VegaDark541



10/13 I worked on a huge white collar criminal healthcare fraud case. The chief legal counsel of the HMO ended up being one of the defendants. Years earlier he had negotiated an indemnification clause that required the company to pay for his legal defense to the criminal charges. If the company tried to challenge its obligation to pay for the defense, it would have to pay for his legal fees to defend the challenge. It was ironclad and ended up the defendants tens of millions of dollars in legal fees.

pensivegoose

11/13 I worked for a group of professionals. There was a falling out over pay and time off. I agreed to stay if certain conditions were met. They insisted on a contract for my next year's work.

I had already corrupted their corporate attorney. We drew up the contract together. When his secretary typed it up, he read through it and then told me that the contract obligated the corporation to pay my wages, pension, medical, dental and other benefits for the full year, but didn't obligate me to do anything in return. We put in a stipulation that it was payment for prior unpaid work.

I knew none of the over educated fools would read it and they didn't. Just signed it. Out of the pure goodness of my heart, I believe that I actually worked 14 weeks in the next year.

longagofaraway2

12/13 I am an attorney, and I work for a large university. A few years ago, the university bid a near-exclusive dining services contract that applied to every part of campus except the libraries. Company A won the campus-wide bid. When the libraries bid their dining services, Company B (Company A's main competitor) won the bid. Company B's contract had several exhibits. One of the exhibits was a technical exhibit (e.g., how many ovens they would have, number of employees, etc.), and in the middle of the last page the technical exhibit, in about 6-point font, it read: "University hereby terminates its contract with Company A, and hereby appoints Company B as the exclusive provider for all dining services."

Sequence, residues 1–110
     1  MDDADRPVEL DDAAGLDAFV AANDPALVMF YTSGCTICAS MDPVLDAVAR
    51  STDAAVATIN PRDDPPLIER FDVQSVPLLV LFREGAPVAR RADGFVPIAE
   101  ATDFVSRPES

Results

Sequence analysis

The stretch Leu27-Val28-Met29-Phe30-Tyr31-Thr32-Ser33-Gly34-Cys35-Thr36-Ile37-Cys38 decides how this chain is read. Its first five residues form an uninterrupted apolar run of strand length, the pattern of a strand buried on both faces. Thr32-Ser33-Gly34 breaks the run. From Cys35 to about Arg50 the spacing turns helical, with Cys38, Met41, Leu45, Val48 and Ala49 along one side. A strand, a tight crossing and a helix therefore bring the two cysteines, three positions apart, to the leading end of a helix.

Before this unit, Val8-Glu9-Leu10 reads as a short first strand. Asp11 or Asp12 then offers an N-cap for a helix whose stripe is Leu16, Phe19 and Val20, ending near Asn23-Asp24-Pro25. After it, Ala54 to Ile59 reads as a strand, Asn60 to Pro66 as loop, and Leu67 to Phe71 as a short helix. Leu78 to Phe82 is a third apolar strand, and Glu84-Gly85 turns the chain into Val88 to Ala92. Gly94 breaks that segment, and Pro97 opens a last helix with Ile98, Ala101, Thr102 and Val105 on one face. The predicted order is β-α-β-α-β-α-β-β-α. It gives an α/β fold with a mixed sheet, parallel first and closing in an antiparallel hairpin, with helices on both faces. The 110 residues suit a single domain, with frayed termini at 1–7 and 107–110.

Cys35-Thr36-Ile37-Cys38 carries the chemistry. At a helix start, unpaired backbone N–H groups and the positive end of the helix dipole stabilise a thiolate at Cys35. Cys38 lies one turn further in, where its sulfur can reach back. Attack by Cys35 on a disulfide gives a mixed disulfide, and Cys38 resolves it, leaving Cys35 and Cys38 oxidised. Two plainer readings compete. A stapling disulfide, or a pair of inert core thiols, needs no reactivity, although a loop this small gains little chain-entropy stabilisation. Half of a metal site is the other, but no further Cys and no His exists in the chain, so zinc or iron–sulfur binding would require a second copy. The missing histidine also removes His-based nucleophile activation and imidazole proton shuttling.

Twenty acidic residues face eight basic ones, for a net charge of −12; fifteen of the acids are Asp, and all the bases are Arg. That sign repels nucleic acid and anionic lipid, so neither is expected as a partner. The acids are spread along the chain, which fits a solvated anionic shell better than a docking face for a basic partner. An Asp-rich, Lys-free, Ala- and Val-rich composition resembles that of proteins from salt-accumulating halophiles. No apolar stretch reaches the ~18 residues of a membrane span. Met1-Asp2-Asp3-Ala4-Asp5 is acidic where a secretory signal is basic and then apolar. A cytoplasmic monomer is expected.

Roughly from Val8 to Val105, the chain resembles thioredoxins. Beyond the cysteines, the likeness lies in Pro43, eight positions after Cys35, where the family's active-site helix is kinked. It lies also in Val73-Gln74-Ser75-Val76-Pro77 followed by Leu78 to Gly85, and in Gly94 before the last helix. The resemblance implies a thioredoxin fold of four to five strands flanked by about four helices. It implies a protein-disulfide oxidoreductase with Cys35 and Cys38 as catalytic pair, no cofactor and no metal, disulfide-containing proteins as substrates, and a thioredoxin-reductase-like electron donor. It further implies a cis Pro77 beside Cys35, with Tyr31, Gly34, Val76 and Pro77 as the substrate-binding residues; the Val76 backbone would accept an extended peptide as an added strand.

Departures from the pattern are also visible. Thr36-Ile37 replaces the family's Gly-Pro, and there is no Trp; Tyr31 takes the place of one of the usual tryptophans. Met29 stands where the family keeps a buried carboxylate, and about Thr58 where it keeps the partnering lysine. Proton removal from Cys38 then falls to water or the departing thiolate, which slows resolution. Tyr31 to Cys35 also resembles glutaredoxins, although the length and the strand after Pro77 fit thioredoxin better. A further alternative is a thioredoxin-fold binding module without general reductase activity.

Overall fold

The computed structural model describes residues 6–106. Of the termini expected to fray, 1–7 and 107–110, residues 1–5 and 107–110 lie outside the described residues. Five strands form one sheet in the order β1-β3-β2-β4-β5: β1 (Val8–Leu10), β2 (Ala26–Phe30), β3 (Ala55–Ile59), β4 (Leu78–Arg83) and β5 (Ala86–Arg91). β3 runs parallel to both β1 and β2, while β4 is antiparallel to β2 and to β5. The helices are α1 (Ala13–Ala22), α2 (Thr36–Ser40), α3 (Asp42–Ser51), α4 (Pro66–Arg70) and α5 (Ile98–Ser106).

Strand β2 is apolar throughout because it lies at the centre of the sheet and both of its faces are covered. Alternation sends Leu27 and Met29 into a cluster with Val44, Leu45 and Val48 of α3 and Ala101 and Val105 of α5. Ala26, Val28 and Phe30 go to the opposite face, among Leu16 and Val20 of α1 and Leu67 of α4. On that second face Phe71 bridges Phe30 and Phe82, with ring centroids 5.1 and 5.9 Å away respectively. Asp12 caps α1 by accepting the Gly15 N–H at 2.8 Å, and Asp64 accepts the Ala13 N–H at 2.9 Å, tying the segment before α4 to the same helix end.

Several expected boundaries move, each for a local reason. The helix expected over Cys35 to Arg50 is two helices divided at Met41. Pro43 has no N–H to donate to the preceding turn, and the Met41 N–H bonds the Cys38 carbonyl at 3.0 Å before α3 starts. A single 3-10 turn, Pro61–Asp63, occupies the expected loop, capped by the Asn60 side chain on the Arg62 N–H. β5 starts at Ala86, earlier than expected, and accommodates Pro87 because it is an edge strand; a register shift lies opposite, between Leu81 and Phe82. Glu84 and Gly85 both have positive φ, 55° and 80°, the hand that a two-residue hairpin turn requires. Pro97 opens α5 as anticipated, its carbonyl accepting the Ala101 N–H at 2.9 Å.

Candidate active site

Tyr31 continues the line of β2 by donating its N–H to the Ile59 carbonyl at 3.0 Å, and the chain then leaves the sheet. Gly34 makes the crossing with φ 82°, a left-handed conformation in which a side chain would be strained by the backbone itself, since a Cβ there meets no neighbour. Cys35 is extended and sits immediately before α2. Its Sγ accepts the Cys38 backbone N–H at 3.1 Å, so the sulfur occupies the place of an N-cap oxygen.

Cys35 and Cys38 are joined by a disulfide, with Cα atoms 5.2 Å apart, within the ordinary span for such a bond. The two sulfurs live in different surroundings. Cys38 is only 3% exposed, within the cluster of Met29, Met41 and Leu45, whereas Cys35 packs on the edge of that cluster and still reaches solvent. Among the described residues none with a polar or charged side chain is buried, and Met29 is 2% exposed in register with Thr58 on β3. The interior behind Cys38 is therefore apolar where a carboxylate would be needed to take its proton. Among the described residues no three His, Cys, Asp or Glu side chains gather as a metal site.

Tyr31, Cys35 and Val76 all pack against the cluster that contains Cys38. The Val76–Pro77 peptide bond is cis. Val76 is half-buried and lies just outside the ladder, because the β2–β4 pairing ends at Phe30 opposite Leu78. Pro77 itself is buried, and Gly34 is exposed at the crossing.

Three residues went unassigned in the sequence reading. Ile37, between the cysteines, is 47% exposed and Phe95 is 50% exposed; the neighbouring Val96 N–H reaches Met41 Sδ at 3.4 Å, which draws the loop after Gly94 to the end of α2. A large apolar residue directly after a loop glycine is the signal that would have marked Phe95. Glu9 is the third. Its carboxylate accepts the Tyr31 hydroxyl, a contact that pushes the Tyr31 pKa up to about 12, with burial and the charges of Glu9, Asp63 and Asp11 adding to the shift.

We caught it and deleted it.

thatguyjd

13/13 Not an attorney but when my husband and I rented our first house the leasing company was owned by a group of attorneys. They put "must return property in the same or better condition" which is pretty much impossible in a home over a years time and apparently illegal for a rental contract in Ohio. They tried to charge us $300 over our deposit and threatened to sue us for it. We got our own attorney and they backed off.

Twitch1113

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Teachers have a hard job and empathy can make all the difference, as we learned when Redditor 2minutestosundown asked the online community: High School teachers of Reddit, what is the one thing that you want your students to know that you'd never tell them in person?